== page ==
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No savings at 50? You can still double your State Pension. Here’s how

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It’s natural to start thinking about the State Pension when you hit 50. I did, so looked it up and discovered it’s worth just £175.20 a week.

That’s low, isn’t it? The full New State Pension in the UK works out at just over £9,110 per year. Or in monthly terms, a little higher than £759. I’d find it tough to survive on that meagre amount. So, for me, the solution is clear. I need to build up my own pot of money to supplement the state provision in retirement.

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Embrace the State pension and match it!

Of course, that’s not a terribly original conclusion to arrive at. The internet, magazines, newspapers and other media scatter articles about financial retirement planning like confetti. Everyone, it seems, is banging on about the need to provide for your own financial needs in retirement.

But don’t sniff at the State Pension. It has the potential to contribute a big chunk for you in your twilight years. So, make sure you claim it when the time comes. And, if you’re 50 now, your State Retirement Age will likely be 67.

However, doubling the State Pension would mean you’d have to find an additional income worth £759 per month by the age of 67. That gives you 17 years to get there if you’re 50 now. And, assuming the ‘worst-case’ scenario, you’ve got no meaningful savings to begin with. And that’s nothing to be ashamed of. The demands on the finances of the middle-aged are the stuff of legend!

Meanwhile, one way of drawing your own annual income of £9,110 to match the State Pension is by taking dividends from  FTSE 100 index tracker fund. And I reckon that’s a good way because the Footsie is known for the dividend-producing companies in its ranks. Right now, for example, the dividend yield of the FTSE 100 is running just below 4%. However, the yield is depressed because of the coronavirus crisis, and often runs higher.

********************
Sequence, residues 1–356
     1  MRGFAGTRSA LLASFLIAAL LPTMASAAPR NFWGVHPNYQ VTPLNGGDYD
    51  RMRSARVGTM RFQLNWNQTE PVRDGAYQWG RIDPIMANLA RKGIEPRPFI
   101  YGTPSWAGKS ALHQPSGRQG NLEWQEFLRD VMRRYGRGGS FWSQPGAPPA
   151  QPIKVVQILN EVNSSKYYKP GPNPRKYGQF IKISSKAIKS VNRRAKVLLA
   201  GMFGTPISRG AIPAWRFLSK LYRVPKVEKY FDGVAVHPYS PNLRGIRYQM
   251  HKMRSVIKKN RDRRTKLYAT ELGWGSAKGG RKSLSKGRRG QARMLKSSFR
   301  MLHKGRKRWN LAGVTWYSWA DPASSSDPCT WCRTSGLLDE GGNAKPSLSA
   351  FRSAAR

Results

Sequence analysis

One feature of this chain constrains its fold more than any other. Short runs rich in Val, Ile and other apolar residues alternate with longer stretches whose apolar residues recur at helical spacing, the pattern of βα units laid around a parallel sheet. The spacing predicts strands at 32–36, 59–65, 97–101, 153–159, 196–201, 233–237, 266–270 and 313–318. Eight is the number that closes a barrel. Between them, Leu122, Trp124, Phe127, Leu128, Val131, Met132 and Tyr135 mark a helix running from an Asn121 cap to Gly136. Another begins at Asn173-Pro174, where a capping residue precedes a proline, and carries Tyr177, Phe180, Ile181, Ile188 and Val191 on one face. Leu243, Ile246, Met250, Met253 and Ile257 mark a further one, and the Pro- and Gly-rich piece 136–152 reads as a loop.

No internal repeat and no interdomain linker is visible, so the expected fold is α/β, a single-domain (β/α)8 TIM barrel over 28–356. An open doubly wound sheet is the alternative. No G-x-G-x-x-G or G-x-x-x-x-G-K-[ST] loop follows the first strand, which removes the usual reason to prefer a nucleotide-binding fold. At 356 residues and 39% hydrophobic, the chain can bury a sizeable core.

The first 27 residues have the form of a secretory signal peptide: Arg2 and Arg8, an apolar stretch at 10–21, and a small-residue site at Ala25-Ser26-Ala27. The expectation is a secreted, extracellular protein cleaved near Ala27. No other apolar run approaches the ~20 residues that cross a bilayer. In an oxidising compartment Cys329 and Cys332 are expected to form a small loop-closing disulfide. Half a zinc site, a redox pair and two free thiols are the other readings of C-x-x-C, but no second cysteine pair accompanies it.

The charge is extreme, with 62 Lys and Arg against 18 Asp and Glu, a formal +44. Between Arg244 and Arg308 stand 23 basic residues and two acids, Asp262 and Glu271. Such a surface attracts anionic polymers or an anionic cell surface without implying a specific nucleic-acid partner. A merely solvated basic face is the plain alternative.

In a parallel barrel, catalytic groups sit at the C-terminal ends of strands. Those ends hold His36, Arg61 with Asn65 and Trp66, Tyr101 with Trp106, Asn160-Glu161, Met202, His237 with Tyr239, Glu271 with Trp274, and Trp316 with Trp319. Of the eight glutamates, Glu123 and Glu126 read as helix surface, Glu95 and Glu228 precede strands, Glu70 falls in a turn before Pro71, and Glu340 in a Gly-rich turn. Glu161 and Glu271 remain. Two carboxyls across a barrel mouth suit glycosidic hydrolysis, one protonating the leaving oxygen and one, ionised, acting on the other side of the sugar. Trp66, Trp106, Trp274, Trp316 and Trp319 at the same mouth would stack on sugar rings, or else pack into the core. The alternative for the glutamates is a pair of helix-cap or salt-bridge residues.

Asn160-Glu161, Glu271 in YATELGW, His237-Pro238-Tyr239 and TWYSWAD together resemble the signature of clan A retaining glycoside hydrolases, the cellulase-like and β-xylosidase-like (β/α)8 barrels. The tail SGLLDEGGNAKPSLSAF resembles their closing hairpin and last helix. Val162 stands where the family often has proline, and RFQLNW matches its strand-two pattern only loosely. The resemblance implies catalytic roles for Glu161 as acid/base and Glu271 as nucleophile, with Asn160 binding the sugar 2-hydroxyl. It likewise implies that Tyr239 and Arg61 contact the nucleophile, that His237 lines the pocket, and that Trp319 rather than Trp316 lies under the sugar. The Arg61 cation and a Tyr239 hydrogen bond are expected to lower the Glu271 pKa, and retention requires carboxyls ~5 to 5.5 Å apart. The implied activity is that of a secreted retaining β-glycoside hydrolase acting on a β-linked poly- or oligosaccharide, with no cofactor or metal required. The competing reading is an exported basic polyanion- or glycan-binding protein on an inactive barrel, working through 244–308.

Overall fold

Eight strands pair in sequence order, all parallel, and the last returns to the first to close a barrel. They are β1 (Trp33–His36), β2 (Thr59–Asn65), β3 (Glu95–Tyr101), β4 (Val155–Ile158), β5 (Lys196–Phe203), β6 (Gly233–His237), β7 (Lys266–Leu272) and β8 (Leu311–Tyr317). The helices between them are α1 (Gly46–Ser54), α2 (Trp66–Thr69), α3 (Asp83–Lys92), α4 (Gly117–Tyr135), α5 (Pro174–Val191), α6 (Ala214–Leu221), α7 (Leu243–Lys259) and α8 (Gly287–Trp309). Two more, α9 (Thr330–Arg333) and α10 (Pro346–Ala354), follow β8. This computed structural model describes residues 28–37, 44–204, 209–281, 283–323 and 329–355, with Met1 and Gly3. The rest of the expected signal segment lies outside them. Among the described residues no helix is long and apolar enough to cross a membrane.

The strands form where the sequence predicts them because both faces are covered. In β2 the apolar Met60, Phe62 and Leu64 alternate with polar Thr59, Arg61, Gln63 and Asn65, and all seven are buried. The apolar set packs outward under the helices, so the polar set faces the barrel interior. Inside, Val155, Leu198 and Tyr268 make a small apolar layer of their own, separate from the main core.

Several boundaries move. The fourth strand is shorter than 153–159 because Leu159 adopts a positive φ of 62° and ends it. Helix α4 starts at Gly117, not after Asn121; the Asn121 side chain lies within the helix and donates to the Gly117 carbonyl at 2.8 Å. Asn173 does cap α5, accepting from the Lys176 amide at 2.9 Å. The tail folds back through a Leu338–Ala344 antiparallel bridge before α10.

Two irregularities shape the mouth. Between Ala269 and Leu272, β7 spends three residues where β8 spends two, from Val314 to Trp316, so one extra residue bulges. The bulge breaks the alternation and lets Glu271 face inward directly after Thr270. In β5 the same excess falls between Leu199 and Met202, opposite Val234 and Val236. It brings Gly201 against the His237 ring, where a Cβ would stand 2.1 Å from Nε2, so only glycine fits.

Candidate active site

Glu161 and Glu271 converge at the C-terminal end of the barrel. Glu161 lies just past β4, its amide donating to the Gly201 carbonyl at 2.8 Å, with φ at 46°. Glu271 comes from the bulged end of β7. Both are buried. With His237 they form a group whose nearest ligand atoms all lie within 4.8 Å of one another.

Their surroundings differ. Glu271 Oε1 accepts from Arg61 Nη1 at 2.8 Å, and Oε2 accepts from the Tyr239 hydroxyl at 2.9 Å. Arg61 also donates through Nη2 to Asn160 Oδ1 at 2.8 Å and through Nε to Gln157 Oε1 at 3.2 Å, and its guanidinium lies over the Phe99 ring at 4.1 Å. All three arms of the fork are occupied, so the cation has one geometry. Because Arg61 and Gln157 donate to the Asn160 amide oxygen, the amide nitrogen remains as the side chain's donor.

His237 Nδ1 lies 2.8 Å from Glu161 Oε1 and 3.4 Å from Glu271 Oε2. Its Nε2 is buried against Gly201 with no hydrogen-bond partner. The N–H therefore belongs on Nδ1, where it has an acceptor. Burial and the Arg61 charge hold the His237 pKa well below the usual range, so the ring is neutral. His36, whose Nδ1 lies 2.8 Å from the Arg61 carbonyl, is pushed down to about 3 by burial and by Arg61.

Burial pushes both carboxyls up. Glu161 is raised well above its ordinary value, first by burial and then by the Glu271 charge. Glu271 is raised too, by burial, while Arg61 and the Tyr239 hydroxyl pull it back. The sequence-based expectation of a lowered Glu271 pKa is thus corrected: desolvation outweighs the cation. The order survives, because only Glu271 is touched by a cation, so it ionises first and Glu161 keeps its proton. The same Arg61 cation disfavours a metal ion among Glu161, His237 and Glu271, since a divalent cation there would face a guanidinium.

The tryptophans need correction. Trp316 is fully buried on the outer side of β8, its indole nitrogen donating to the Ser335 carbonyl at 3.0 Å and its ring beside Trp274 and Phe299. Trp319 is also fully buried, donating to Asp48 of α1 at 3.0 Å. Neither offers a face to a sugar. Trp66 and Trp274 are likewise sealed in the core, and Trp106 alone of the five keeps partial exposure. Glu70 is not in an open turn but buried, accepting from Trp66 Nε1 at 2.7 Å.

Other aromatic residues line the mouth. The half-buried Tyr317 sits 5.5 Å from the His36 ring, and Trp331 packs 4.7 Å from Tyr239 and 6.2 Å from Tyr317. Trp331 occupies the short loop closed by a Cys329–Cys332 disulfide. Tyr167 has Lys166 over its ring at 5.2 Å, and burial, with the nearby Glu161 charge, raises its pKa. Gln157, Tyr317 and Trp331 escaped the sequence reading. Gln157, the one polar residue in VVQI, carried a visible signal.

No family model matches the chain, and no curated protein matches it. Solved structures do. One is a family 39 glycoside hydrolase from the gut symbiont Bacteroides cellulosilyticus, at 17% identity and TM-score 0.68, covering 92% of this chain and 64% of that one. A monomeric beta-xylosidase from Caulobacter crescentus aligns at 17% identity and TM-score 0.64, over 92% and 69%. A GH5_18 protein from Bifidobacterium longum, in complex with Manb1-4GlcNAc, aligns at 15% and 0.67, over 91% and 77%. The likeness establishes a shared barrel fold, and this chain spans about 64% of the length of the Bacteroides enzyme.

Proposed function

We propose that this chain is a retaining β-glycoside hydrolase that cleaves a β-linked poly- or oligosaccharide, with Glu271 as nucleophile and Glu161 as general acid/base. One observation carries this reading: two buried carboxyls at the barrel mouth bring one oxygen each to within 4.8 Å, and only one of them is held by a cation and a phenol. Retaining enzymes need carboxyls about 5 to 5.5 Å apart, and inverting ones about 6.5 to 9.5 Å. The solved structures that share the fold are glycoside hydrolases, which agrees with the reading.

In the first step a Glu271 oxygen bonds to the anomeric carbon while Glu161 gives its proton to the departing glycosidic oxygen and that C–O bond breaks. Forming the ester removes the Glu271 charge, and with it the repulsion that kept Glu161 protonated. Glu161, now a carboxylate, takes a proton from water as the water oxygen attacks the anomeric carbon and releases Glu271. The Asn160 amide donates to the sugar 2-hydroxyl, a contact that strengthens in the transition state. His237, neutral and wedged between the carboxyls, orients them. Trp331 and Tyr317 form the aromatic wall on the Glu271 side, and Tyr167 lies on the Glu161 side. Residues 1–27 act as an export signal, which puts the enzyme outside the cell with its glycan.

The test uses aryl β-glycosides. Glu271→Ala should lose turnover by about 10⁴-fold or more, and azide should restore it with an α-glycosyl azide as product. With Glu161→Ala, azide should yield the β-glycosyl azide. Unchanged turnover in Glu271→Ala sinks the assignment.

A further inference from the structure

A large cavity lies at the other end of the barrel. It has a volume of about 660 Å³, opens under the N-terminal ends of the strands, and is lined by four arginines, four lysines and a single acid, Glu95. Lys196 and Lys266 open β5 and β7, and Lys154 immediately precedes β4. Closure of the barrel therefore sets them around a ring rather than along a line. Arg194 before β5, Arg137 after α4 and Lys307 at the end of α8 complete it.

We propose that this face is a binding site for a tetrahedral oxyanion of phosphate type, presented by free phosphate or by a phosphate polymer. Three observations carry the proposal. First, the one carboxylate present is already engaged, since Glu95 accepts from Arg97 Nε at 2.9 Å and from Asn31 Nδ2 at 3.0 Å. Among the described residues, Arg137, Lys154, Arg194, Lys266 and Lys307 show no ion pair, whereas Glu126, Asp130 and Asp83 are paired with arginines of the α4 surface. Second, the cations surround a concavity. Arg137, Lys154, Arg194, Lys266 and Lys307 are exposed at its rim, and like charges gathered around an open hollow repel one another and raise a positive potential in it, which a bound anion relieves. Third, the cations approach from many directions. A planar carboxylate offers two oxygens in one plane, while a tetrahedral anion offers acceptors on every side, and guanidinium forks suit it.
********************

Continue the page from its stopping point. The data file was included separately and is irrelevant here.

Shares could be key

But, assuming a yield of 4%, you’d need an investment in the FTSE 100 worth around £228,000 to generate an annual income from dividends of £9,110. And I reckon the best way to achieve that over 17 years is by investing in shares and share-backed vehicles, such as funds held within a Stocks and Shares ISA, or in a pension wrapper, such as a SIPP.

Studies have shown that the long-term return from shares in aggregate tends to run in the high single-digit percentages. So, assuming you can achieve an annualised return of 7% from your investments, we can figure out how much you’d need to invest each month to reach £228,000 in 17 years. I used one of the several online compound interest calculators and it told me you’d need to invest £600 a month to get there.

That works out at just over £138 per week. A stretch, maybe, but surely the prize is worth going for. And if you choose your shares and funds carefully, there’s a chance you could achieve a higher return and accumulate your investment pot sooner.

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Kevin Godbold has no position in any share mentioned. The Motley Fool UK has no position in any of the shares mentioned. Views expressed on the companies mentioned in this article are those of the writer and therefore may differ from the official recommendations we make in our subscription services such as Share Advisor, Hidden Winners and Pro. Here at The Motley Fool we believe that considering a diverse range of insights makes us better investors.

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